"Their website doesn't reflect their personality at all," said the marketing provider committed to revamping a small financial company's online presence. As this marketing provider's go-to writing subcontractor, my mission was clear -- rewrite competent but dry-sounding text to give it a warmer, friendlier tone. But would I be able to do that without sacrificing the sense of clear-eyed professionalism and wisdom so important for a financial firm?
The answer, happily, was yes, but the question certainly bears asking. If you're a medical clinic, accounting firm, insurance agent or some other type of B2C consultant, you must tread a thin line between conveying your expertise and projecting a genuine sense of humanness. You want people to feel comfortable and familiar with you, but not to the point of adopting such a down-home, aw-shucks tone that you torpedo your professional image. Here are some ways you can negotiate that tightrope successfully.
Use direct address. Many business make the mistake of falling mostly into the third person in their marketing content: "XYZ Corporation helps homeowners with the following problems...." Yes, the results can seem impressively professional -- but also cold and alienating. You don't want to read about what some company out there does for its target market; you want to know what our company can do for you. You can't come across as friendly unless you're addressing the reader directly. Making this change can be as simple as adjusting, say, your employee bios from third person (in which you're describing them) to first person (in which they're describing themselves).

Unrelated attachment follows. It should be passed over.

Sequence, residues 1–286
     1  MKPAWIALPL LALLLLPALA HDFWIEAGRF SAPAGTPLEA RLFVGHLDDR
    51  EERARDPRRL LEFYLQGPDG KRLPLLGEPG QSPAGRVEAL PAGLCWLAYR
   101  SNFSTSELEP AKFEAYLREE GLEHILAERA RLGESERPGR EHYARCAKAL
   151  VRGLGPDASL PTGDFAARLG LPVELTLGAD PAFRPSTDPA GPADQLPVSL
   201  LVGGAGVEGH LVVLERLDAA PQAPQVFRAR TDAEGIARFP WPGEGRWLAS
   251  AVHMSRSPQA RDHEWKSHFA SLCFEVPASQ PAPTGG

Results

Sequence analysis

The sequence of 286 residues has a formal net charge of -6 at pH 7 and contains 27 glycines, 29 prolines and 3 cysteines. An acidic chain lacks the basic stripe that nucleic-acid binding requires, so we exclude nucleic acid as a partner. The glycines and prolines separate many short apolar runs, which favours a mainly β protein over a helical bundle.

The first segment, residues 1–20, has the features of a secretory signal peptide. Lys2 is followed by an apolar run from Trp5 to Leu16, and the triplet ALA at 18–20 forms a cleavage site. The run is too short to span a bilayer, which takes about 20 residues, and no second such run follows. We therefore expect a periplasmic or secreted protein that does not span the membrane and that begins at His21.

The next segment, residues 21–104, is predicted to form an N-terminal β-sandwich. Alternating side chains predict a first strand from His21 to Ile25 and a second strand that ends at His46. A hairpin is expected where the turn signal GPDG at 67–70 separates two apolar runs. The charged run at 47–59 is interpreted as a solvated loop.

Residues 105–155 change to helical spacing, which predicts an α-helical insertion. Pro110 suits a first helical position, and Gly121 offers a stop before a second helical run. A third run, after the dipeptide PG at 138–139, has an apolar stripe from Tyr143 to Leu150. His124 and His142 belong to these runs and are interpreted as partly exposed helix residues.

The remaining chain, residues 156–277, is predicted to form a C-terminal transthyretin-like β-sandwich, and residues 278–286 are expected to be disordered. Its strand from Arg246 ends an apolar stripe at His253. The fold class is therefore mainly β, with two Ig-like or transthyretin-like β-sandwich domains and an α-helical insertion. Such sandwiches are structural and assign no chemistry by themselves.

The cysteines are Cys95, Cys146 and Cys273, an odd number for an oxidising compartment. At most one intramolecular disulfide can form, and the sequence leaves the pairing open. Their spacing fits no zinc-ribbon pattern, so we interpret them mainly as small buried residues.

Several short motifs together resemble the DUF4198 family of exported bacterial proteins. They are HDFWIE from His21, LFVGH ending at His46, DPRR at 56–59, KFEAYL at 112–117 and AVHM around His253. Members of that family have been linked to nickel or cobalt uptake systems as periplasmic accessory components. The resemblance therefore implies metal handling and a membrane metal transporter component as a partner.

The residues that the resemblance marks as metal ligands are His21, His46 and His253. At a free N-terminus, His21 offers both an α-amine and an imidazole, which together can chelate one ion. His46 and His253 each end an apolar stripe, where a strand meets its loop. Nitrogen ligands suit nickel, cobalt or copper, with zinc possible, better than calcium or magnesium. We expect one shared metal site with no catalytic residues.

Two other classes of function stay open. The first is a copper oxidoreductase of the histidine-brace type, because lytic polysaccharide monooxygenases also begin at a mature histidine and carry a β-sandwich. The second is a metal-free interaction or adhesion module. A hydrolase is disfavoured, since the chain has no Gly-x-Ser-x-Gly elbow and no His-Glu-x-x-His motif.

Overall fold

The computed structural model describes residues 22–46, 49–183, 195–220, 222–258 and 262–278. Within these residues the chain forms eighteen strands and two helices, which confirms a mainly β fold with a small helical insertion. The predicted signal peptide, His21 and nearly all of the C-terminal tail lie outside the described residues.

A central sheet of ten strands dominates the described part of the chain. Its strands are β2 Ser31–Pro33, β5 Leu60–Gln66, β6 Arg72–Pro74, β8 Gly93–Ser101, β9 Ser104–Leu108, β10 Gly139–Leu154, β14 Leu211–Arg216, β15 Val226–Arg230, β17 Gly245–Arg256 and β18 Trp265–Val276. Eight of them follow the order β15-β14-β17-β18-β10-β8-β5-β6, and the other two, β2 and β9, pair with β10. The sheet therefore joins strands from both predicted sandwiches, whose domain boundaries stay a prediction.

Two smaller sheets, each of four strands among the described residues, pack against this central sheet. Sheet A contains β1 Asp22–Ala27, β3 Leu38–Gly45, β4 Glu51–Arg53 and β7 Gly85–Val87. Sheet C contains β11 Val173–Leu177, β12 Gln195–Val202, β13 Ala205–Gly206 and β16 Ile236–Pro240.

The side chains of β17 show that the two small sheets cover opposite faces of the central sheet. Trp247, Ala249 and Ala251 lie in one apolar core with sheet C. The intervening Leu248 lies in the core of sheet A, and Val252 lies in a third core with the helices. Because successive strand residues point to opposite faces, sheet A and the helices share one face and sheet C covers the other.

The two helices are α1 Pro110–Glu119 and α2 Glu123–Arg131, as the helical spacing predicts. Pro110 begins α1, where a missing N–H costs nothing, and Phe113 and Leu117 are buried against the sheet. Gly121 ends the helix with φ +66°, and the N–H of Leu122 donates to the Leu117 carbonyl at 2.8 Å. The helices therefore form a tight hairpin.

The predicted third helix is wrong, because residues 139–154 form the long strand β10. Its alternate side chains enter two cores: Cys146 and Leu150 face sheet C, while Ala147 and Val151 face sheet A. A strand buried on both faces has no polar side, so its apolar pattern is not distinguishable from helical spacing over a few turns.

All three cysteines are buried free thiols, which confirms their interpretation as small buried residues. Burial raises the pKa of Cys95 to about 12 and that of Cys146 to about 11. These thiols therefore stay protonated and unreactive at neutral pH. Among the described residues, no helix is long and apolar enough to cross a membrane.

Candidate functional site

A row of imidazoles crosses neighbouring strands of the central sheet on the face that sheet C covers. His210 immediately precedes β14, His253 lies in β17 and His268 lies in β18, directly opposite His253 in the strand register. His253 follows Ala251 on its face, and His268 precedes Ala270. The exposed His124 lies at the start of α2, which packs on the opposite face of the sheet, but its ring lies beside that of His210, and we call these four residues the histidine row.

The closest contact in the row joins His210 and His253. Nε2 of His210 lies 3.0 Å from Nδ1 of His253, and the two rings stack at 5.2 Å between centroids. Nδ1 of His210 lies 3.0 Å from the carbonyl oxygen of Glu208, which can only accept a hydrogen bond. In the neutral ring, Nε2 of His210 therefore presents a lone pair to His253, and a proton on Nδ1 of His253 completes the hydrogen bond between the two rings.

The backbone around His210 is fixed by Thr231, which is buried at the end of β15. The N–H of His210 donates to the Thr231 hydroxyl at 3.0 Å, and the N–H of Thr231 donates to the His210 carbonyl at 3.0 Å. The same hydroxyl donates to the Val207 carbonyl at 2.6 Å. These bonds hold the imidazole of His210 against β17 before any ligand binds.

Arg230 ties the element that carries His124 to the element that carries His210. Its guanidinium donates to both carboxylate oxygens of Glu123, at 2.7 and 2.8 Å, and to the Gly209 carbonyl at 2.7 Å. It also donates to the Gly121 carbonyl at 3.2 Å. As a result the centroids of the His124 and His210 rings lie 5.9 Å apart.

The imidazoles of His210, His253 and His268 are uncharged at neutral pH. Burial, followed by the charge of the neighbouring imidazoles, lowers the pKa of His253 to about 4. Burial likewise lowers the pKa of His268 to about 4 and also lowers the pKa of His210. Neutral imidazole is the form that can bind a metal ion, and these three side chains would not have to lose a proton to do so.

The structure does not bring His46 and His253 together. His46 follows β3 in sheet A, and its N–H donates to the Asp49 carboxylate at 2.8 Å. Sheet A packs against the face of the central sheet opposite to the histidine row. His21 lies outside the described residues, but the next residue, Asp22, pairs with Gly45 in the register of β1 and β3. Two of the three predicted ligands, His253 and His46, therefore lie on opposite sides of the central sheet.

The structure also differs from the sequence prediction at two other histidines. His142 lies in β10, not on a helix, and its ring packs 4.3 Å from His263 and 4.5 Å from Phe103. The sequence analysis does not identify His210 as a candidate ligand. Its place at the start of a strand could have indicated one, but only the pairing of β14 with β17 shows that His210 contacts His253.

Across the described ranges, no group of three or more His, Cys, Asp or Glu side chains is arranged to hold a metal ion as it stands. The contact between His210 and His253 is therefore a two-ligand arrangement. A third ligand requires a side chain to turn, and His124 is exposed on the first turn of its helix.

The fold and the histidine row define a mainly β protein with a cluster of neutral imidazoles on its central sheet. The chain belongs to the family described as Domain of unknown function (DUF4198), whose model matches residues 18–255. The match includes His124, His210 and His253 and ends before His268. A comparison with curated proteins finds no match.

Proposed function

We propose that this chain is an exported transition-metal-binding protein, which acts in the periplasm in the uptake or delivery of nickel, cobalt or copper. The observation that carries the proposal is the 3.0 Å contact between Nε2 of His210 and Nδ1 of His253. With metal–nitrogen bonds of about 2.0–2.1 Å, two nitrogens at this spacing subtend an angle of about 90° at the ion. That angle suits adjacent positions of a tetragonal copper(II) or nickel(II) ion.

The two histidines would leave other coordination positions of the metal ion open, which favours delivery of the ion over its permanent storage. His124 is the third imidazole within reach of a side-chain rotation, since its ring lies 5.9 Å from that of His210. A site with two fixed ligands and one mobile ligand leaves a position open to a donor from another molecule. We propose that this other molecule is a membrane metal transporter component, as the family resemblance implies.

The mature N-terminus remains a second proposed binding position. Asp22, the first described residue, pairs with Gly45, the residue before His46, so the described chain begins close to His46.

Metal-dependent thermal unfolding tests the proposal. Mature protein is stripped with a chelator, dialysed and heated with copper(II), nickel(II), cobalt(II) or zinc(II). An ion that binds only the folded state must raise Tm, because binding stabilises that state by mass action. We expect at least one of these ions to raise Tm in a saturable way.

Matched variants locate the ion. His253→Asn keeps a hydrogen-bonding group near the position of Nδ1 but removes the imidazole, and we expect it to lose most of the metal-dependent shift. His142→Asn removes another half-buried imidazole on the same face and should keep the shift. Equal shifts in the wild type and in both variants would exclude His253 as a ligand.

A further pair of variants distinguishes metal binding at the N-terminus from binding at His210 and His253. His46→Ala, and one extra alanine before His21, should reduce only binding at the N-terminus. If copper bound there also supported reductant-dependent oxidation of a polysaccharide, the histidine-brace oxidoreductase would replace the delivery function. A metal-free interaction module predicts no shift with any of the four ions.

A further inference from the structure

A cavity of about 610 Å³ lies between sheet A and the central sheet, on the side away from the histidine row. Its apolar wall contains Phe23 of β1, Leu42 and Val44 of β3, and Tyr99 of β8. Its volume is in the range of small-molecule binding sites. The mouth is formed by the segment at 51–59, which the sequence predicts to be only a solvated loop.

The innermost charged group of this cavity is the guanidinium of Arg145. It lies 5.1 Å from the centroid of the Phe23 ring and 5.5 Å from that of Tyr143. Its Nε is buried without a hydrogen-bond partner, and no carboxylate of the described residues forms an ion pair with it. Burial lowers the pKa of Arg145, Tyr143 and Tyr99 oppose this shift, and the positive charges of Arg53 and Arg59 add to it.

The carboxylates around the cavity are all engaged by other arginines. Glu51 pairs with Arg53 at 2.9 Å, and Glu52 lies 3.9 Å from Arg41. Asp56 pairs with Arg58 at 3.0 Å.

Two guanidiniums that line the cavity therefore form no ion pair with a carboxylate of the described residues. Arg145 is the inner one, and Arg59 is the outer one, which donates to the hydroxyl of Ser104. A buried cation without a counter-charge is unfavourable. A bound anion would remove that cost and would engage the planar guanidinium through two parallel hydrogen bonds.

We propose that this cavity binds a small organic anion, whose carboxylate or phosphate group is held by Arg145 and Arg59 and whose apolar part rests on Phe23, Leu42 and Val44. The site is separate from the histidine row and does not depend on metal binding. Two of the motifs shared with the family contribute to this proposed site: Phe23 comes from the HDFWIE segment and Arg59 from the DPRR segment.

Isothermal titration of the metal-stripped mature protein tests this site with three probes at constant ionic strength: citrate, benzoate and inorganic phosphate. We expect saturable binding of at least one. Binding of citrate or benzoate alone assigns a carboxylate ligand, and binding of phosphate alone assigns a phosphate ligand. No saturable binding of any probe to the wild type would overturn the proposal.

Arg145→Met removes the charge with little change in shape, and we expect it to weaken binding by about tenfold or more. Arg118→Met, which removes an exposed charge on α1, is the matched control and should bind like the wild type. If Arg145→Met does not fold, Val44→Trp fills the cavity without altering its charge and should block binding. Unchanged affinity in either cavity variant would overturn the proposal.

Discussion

Limit your vocabulary. You don't have to dumb down your content for an audience that expects a certain degree of skill and knowledge from your company. But you do need to go through that content and replace the five-dollar words with shorter, simpler ones wherever possible. Clear, simple word choices make the content easier to read -- a friendly gesture in itself -- while making you appear less intimidating and more approachable. The concepts are still there, the solutions are still sophisticated, but the language is that of your reader, not "business speak" or "tech speak."
Keep it other-directed. Every marketing student knows that you're supposed to emphasize benefits instead of features in your content. By staying focused on the reader's everyday pains, needs, and wishes, you show a genuine concern for their situation even as you explain how you provide the solutions that make their lives better. This emphasis alone can help transform cold, forbidding lists of "What We Do" into a comforting reassurance from a new friend who wants to help. Even if you have to throw out some of the details of your services, that's okay if it prompts the reader to contact their new trusted advisor (you) you for more information.
So never fear -- you can sound like a real person and an expert at what you do. Your products, services, and experience will continue to speak for themselves. Just make sure you're addressing your ideal clients or customers on the issues they care about, in terms they can understand, and then offer the solution they need. That's what friends are for, right?